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A Wolf Awakens in the Galápagos Islands at Night

January 7, 2022

The glow of a volcanic eruption in the Galápagos Islands was captured by the Visible Infrared Imaging Radiometer Suite (VIIRS) on the NOAA-NASAEstablished in 1958, the National Aeronautics and Space Administration (NASA) is an independent agency of the United States Federal Government that succeeded the National Advisory Committee for Aeronautics (NACA). It is responsible for the civilian space program, as well as aeronautics and aerospace research. It’s vision is “To discover and expand knowledge for the benefit of humanity.””>NASA Suomi NPP satellite. The image, acquired by the VIIRS “day-night band” at 1:20 a.m. local time (7:20 UTC) on January 7, 2022, shows lava spewing from Wolf Volcano, on the northern end of Isabela Island. The largest island in the Galápagos archipelago lies roughly 1,100 kilometers (700 miles) off the west coast of Ecuador.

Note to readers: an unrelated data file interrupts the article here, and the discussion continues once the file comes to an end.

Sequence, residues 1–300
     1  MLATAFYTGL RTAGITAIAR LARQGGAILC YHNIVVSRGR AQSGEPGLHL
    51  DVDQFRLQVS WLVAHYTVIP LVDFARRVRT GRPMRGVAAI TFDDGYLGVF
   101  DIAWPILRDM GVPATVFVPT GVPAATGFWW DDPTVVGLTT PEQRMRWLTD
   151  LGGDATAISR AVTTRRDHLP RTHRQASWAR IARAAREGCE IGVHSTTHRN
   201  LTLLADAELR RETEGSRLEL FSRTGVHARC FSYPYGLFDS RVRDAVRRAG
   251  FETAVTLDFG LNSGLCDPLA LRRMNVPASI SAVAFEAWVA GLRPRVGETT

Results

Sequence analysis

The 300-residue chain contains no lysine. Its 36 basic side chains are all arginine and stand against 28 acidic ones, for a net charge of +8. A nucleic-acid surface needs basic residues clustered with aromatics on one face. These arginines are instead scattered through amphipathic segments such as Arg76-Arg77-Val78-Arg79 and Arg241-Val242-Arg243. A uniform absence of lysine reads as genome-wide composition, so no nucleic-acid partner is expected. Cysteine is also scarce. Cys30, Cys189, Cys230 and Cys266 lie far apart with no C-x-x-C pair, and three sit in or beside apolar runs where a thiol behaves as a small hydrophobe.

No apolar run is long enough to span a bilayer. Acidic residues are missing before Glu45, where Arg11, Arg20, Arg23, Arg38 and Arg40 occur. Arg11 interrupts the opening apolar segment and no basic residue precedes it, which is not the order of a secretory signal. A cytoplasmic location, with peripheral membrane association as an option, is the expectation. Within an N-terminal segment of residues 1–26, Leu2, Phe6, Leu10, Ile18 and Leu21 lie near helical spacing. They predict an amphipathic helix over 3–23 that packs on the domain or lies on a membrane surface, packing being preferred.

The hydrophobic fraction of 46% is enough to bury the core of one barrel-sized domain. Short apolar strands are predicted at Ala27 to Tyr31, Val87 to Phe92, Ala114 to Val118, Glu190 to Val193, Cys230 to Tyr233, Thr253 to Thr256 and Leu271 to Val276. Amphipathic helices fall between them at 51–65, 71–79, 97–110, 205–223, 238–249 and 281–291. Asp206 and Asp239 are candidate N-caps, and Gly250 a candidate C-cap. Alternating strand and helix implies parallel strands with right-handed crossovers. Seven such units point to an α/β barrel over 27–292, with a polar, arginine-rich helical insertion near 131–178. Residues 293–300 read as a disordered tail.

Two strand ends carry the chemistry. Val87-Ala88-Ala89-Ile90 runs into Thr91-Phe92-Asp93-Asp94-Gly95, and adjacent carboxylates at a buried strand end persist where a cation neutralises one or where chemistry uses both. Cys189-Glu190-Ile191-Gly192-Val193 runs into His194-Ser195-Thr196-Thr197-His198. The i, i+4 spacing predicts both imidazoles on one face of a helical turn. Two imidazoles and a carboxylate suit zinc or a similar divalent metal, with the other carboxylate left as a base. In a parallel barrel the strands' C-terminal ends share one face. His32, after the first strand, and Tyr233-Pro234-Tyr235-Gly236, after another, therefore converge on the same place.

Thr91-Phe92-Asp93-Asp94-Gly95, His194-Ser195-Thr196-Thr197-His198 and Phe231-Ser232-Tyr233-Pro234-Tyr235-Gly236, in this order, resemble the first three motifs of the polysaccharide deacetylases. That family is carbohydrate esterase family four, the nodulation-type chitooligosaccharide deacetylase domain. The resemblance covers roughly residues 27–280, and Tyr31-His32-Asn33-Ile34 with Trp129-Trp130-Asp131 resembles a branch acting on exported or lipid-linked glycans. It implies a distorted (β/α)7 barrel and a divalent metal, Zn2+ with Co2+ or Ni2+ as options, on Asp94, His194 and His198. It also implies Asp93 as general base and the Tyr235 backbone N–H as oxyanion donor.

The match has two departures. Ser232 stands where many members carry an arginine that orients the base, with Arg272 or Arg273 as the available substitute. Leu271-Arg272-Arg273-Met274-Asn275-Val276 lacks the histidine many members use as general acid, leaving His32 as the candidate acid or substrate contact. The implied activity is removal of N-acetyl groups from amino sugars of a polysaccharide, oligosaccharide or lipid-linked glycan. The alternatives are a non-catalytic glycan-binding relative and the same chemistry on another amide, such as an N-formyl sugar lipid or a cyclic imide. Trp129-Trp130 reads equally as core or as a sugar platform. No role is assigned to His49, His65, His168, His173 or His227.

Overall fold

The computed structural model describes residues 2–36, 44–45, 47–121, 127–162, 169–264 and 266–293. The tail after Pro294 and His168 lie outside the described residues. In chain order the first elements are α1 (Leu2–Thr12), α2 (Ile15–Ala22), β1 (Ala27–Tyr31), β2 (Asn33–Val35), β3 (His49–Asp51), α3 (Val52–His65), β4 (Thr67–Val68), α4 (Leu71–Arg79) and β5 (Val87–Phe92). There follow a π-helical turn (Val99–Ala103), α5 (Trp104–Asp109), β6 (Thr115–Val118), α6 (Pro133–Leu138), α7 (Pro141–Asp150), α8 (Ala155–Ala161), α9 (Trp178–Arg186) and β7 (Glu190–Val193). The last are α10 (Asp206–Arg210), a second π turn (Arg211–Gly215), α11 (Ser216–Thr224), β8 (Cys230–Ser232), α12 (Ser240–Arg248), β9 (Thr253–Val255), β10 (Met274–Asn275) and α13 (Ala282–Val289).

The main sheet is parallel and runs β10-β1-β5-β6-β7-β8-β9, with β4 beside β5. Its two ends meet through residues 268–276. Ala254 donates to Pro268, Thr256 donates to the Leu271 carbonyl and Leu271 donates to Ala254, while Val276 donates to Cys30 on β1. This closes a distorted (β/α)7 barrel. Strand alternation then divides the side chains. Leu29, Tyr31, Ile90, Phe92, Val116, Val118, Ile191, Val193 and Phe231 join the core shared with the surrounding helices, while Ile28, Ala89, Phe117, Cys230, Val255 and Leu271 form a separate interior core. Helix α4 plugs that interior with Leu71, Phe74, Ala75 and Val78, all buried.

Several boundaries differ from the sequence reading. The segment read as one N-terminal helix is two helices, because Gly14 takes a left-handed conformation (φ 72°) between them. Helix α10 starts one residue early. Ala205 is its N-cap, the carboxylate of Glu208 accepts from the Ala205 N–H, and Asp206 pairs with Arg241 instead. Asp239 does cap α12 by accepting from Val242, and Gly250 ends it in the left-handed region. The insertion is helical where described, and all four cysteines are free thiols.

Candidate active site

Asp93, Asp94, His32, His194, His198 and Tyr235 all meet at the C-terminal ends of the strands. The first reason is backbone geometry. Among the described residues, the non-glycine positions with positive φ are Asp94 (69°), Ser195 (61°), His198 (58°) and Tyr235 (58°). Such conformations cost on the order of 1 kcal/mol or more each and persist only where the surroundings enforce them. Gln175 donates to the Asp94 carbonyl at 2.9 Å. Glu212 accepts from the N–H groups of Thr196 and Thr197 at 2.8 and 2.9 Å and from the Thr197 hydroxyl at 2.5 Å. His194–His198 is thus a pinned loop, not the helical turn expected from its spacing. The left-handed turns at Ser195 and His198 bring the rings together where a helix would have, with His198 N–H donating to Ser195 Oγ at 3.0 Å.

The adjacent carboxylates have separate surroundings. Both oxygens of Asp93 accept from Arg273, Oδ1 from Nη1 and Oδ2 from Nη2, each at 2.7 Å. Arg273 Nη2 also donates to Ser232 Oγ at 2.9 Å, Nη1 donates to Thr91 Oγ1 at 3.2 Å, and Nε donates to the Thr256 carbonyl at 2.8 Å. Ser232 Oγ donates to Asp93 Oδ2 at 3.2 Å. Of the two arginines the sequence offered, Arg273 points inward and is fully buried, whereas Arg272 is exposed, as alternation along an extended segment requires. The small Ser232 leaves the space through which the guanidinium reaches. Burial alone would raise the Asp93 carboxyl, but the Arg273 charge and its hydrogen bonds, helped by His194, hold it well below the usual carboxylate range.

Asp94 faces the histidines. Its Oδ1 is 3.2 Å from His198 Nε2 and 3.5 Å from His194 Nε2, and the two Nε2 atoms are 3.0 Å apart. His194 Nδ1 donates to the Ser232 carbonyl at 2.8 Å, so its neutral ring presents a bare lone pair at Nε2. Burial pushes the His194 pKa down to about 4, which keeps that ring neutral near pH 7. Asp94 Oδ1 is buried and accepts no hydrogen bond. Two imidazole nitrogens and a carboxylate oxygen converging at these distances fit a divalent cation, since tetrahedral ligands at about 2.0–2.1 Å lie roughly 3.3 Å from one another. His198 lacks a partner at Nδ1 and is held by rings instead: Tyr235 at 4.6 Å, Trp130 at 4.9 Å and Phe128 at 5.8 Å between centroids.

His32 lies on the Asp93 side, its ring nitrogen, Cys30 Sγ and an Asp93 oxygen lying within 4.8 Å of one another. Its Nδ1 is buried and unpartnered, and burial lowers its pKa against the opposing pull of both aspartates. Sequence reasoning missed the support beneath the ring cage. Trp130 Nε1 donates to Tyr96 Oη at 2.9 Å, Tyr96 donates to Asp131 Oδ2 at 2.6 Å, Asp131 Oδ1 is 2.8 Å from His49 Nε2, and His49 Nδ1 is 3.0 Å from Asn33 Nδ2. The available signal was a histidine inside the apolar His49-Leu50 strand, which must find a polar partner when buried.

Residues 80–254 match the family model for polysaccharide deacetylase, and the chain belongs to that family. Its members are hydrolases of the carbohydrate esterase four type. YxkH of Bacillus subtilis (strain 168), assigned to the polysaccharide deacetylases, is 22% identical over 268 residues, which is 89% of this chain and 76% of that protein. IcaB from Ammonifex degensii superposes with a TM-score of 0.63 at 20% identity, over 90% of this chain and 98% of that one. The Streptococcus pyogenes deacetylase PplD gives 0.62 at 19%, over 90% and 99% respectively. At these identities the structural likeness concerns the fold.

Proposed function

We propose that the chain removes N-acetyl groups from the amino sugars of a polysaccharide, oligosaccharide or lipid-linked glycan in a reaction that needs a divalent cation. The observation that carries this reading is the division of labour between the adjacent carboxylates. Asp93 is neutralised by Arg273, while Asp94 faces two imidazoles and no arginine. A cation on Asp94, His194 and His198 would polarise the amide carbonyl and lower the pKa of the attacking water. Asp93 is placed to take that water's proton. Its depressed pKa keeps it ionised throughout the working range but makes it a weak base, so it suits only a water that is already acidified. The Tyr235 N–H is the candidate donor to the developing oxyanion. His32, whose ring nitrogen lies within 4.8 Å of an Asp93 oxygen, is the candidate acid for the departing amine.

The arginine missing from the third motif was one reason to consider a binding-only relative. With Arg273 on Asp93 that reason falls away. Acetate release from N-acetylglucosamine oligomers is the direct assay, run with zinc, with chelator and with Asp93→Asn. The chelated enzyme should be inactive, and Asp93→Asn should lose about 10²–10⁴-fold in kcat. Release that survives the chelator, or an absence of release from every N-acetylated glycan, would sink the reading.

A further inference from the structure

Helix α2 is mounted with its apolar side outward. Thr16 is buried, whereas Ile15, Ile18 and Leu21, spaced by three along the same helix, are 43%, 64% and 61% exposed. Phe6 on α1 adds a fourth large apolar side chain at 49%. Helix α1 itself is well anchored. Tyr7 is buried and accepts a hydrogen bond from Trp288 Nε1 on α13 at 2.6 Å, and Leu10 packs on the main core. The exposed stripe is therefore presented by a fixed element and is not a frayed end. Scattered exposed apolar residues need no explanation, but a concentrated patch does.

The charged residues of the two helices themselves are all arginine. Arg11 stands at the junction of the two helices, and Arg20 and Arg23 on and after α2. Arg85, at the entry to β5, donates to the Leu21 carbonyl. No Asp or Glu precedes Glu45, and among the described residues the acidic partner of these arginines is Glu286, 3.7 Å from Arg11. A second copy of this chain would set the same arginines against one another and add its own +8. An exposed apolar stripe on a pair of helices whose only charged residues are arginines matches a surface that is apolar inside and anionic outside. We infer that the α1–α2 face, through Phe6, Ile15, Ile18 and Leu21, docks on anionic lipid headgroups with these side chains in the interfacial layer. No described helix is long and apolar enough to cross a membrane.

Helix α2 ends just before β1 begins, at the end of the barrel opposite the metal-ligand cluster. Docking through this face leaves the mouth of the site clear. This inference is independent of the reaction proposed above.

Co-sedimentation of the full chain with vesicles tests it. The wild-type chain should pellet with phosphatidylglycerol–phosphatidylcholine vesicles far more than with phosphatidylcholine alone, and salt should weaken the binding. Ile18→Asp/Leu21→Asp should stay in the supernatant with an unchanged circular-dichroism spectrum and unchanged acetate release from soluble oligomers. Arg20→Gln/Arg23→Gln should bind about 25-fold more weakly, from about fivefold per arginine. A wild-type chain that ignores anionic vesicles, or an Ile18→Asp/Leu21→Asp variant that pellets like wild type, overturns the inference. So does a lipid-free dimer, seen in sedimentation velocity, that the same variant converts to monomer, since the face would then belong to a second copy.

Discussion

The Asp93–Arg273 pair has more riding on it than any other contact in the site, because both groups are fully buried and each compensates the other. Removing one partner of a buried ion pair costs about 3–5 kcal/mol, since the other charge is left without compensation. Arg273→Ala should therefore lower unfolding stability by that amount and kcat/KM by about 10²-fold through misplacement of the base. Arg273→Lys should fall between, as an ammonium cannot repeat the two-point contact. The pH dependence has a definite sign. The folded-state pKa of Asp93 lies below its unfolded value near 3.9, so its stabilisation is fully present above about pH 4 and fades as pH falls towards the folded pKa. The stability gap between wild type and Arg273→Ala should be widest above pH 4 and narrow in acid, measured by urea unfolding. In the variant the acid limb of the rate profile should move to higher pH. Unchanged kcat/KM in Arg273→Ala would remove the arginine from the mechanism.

According to the Geophysical Institute in Quito, the volcano began erupting late on January 6, sending incandescent lava flows down the volcano’s flanks and ejecting ash clouds up to about 3,800 meters (12,500 feet). Later on January 7, the Moderate Resolution Imaging Spectroradiometer (MODIS) on NASA’s Terra satellite acquired an image (below) of the plume blowing west over the Pacific Ocean.

Galápagos Islands January 2022 Annotated

January 7, 2022

Wolf is the largest and tallest volcano in the Galápagos Islands. It last erupted in May and June 2015, with an eruption rated 4 on the Volcanic Explosivity Index (VEI) (range from 0 to 8). One of the volcano’s earlier eruptions, in 1797, was the first historical eruption documented in the Galápagos Islands.

Isabela Island is home to the critically endangered pink land iguana. The isolation of the islands and their location at the confluence of major ocean currents gave rise to unique species, including the land iguana, the giant tortoise, and many varieties of finch. The Galápagos archipelago is a UNESCO World Heritage site.

NASA Earth Observatory images by Joshua Stevens, using VIIRS day-night band data from the Suomi National Polar-orbiting Partnership and MODIS data from NASA EOSDIS LANCE and GIBS/Worldview.

Source: SciTechDaily